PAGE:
How the U.S. Vice President Works

Executive Roles and Responsibilities of the U.S. Vice President

Dan Quayle and George H.W. Bush
Sen. Dan Quayle, vice president under George H.W. Bush, was chosen in the 1988 race to balance the ticket in part because of his youth.
Diana Walker/Time Life Pictures/­Getty Images

It's difficult to say precisely what vice presidents do in any collective sense; in many cases vice presidents do what assignments they can wrestle out of the president's hands. Some have done little at all, aside from being present in case the president can't perform his or her duties. Most often, vice presidents do what their presidents ask them to.

­Over time, and through precedents set by earlier vice presidents, customary roles for the vice president have emerged. He or she may serve as a surrogate while the president is traveling abroad. The vice president may receive foreign dignitaries -- a customary role of the executive branch -- and host state dinners. The vice president may also travel in the president's stead, to meet with foreign counterparts or attend state funerals. The vice presidency has traditionally been an office where the spillover of unwanted or extra presidential responsibilities lands.


Perhaps the most contiguous role of the vice presidency over the years has been that of ticket balancer. Vice presidents have often served as foils to the president; conservative or liberal, experienced or young, domestically minded or interested in foreign policy. The constituency a vice president brings along is also important; a Southerner may be chosen to balance a Northern presidential candidate. The vice president's importance in balancing a ticket during a campaign is generally short-lived, however. Vice presidents chosen mostly or solely on their ability to balance tickets -- such as Vice President Dan Quayle -- have traditionally seen "their status and value evaporated after election day" [source: Hatfield].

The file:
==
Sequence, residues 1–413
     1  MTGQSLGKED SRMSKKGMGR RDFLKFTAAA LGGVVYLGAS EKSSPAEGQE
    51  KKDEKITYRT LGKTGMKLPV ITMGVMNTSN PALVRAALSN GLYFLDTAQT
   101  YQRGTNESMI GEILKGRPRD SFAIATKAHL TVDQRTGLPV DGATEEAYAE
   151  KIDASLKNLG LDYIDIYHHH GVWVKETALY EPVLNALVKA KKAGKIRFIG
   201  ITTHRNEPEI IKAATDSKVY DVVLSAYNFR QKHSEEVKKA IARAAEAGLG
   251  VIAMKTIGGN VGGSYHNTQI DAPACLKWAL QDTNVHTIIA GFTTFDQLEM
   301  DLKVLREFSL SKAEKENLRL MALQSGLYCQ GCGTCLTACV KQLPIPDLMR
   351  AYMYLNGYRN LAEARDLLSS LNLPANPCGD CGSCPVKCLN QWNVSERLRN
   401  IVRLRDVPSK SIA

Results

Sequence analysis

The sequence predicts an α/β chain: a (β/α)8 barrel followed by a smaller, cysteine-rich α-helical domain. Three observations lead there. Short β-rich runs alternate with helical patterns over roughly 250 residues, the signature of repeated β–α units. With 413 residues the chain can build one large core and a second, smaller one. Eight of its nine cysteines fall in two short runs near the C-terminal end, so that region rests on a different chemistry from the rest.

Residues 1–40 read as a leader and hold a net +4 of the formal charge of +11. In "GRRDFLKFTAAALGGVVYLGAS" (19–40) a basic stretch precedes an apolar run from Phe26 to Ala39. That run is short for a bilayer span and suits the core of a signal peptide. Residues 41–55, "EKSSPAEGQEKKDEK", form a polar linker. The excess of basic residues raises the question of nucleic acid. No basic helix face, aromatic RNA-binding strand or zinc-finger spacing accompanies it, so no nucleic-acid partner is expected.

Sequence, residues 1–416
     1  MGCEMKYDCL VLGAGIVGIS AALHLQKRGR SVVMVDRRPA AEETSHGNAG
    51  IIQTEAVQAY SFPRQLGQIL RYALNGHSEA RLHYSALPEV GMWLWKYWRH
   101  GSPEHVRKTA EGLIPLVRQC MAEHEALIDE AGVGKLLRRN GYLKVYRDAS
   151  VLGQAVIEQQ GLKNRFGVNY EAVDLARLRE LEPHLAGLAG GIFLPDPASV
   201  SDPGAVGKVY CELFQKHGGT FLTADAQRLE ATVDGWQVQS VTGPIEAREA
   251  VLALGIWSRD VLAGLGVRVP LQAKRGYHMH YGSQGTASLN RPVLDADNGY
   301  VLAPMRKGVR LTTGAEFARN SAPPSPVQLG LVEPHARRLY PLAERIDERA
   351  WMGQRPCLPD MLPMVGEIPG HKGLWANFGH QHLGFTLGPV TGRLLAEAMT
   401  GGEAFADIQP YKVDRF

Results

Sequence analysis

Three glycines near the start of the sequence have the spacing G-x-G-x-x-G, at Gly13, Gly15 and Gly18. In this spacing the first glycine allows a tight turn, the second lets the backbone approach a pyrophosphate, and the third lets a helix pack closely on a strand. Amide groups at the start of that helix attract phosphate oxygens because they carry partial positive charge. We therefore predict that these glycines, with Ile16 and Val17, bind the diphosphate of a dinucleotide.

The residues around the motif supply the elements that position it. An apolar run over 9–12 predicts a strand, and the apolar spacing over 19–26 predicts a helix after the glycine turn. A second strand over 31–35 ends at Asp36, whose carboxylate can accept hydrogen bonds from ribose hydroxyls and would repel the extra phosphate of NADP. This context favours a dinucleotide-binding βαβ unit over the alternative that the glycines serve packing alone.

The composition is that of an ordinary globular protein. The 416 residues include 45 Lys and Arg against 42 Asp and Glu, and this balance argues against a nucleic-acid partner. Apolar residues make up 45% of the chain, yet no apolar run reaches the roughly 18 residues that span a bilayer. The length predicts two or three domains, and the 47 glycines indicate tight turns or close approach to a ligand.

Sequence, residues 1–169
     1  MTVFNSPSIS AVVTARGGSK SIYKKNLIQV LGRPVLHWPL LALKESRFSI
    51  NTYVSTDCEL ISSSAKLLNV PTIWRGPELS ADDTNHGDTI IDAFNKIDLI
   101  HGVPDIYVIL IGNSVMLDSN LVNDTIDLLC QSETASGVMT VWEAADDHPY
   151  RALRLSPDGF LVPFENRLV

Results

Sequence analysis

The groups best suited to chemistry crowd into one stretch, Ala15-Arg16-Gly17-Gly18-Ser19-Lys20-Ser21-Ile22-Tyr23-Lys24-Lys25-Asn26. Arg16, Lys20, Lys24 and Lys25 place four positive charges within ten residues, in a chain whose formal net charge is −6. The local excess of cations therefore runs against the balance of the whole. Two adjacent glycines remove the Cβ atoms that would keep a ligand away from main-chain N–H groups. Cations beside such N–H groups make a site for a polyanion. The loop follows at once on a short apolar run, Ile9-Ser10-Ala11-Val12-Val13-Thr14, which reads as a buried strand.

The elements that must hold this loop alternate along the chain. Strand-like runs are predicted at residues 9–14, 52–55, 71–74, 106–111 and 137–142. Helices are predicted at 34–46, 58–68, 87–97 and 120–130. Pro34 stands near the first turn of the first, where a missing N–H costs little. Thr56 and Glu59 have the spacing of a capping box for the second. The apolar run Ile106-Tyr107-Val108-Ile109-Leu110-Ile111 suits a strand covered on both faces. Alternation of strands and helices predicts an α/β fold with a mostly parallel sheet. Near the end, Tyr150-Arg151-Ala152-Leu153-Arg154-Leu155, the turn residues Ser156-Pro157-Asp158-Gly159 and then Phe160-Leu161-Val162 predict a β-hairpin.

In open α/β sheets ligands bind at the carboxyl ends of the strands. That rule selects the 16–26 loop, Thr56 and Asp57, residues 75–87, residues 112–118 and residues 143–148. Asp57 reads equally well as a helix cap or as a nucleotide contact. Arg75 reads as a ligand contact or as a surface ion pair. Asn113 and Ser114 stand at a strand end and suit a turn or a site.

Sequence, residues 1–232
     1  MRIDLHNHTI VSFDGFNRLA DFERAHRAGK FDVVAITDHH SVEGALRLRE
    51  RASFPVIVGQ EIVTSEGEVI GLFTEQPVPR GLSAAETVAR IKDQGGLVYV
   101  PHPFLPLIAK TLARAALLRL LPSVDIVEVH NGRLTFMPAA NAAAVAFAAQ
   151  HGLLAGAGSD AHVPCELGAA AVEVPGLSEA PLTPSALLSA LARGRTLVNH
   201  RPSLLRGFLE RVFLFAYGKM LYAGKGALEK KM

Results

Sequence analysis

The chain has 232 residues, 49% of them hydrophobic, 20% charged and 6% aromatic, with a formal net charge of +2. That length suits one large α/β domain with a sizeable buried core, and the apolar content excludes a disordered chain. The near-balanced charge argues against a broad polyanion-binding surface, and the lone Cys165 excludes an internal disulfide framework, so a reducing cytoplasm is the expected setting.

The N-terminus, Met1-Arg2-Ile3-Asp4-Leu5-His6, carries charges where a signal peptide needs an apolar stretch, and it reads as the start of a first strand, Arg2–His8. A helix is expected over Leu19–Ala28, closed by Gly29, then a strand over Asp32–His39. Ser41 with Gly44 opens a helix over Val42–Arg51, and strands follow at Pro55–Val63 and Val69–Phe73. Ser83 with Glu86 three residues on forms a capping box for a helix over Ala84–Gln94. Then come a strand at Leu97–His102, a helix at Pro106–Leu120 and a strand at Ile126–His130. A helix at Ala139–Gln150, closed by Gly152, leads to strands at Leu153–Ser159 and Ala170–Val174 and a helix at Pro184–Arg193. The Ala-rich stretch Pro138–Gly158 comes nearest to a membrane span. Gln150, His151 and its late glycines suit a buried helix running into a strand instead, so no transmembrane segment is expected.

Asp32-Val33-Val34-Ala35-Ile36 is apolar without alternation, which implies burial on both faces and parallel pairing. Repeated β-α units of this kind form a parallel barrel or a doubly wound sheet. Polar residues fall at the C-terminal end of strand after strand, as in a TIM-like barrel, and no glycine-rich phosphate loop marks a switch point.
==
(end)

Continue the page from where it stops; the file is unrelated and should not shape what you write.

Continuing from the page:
Modern vice presidents have also assumed another traditional role during the campaign: attack dog for the head of the ticket. While the electors of a state are compelled to cast separate votes for the president and vice president, the popular vote is by ticket or party. Conventional wisdom states that individual voters generally vote for the head of the ticket. Largely freed from constraints of popular opinion, the vice presidential candidate can serve as a vocal critic of the opposition and launch attacks against it. This allows the presidential candidate to maintain an air of composure and decorum toward the rival candidates, while still attacking the opposition's credibility, experience and policies. This role of surrogate may also continue after inauguration, as some modern vice presidents have continued their role of defender of presidential agendas and lambaster of presidential critics.

Some vice presidents have taken a more active role than others. Under President Dwight Eisenhower, Vice President Richard Nixon took strong stances on behalf of the administration. Nixon largely took matters into his own hands to shape the roles of the vice presidency to suit his ambitions, and he was successful. Whereas vice presidents before him may have simply smiled and left debate with foreign leaders to their president, Nixon often took the foreign policy reins. In one famous visit to the USSR in 1959, Vice President Nixon toured an international exposition in Moscow with Soviet Premier Nikita Khrushchev. Nixon debated the merits of capitalism over democracy with Khrushchev, much of the discussion being caught on television, and launching Nixon and the office of the vice president into new levels of prestige in the public opinion.

Ultimately, the vice president has one main duty, to preside over the Senate.